Even if you're a cake mix kind of baker, there is always a small amount of wiggle room for experimentation. Of course, baking is more of a science than an art, so there are rules to be followed. However, you can always choose which oil you'd like to use in your baking unless otherwise specified. In addition, when a recipe calls for unsalted butter, you can use coconut oil in its place. Both refined and unrefined tend to work well with any baked good, so give them both a taste and choose your favorite. Even unrefined coconut oil has a subtle flavor, so you can't go wrong.

Coconut oil can make your brownies incredibly dense and delicious. Consider it when baking muffins, cupcakes, cookies, or even strawberry chia oatmeal bars. You can also melt coconut oil along with chocolate chips, and it will harden when cooled. This works especially well for chocolate shells on ice cream and chocolate-covered strawberries. Use a little in your icing to help it stiffen when cooled. The options are endless when it comes to the devilish combination of coconut oil and dessert.

Grease Your Pan For Pancakes Or Waffles

Close up of pancakes
Close up of pancakes - Ablokhin/Getty Images

Coconut oil is often used as a "sweet oil," although it works in both savory and sweet capacities. Use this to your benefit by selecting unrefined coconut oil for your sweet endeavors. Pancakes and waffles can not only be cooked in coconut oil, but you can also use a small amount to top your breakfast like you would with butter. You can also use melted coconut oil in your easy pancake batter recipe.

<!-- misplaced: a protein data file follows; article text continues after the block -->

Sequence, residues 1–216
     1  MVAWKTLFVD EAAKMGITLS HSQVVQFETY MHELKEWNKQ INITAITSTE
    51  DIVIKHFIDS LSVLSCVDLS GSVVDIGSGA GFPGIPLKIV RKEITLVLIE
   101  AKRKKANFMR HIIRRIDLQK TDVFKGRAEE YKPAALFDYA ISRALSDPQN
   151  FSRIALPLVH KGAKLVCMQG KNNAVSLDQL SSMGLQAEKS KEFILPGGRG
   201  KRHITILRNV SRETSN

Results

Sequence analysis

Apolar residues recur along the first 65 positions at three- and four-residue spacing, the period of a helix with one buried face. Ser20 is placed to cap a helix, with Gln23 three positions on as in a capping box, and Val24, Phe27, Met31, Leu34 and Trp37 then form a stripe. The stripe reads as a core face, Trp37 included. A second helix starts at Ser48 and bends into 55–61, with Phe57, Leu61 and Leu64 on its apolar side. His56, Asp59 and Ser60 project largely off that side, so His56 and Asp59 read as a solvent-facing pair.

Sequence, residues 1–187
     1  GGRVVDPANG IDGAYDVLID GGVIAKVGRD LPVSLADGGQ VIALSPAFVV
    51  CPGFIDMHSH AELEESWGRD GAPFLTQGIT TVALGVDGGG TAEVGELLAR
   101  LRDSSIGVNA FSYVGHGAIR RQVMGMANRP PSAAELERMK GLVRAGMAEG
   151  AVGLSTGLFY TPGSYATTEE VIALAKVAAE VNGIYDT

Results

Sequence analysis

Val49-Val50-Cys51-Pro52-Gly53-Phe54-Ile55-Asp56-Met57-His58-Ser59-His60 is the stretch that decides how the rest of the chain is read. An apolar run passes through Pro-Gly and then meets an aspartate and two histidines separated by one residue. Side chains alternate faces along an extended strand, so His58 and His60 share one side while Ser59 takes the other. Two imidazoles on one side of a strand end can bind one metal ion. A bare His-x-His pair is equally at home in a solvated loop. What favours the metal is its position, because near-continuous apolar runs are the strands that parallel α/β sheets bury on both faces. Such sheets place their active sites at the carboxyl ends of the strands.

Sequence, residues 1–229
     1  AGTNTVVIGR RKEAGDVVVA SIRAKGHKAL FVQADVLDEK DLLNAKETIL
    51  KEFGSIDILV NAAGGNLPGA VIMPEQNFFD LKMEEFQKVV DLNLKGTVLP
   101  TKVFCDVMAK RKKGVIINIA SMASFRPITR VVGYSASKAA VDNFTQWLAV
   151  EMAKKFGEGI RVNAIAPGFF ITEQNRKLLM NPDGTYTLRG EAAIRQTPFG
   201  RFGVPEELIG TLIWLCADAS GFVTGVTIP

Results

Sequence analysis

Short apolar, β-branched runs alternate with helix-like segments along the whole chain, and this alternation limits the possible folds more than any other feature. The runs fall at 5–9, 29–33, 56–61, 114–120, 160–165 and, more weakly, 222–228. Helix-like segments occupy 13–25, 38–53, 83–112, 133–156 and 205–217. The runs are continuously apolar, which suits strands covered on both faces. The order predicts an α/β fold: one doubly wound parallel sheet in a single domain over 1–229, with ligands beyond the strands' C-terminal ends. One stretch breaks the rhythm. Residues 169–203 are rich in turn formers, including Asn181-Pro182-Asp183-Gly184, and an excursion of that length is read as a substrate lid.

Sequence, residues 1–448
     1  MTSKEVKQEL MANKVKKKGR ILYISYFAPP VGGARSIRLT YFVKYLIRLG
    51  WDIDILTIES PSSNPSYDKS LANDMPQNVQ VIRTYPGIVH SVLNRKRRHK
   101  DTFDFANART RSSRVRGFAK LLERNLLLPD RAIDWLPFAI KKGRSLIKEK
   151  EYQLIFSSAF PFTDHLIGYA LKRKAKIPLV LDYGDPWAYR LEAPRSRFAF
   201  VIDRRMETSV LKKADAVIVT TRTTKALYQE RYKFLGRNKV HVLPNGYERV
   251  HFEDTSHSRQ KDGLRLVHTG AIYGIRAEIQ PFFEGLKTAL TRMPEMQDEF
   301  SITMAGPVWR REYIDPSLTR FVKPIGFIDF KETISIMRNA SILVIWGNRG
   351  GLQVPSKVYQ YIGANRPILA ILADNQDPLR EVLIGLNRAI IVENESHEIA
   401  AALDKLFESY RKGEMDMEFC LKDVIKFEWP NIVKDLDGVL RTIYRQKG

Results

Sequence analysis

The process remains the same. Heat your pan, add your oil, let the oil heat up, and then add your batter. Of course, you could use a nonstick pan, but there is something about that crispy edge that cooking in a little fat can add. Load up on 100% pure maple syrup, fresh or cooked fruit, whipped cream, or even jam. You can also mix melted coconut oil with peanut butter to make a fantastic drizzle for a little density and protein boost on your brunch.

Add It To Your Stir Fry

Vegetarian stir fry in oil
Vegetarian stir fry in oil - Bit245/Getty Images

Not sure what to make for dinner? Stir fry is always an easy option as long as you have some rice and veggies on hand. Meat, seafood, and tofu also make great additions depending on your protein preferences. While a little oil and tamari might do the trick, there are endless ways to season your stir fry. Garlic (and in abundance) is the aromatic that has everyone drooling, and spices are a no-brainer, but when it comes to selecting oil, this is your chance to get creative.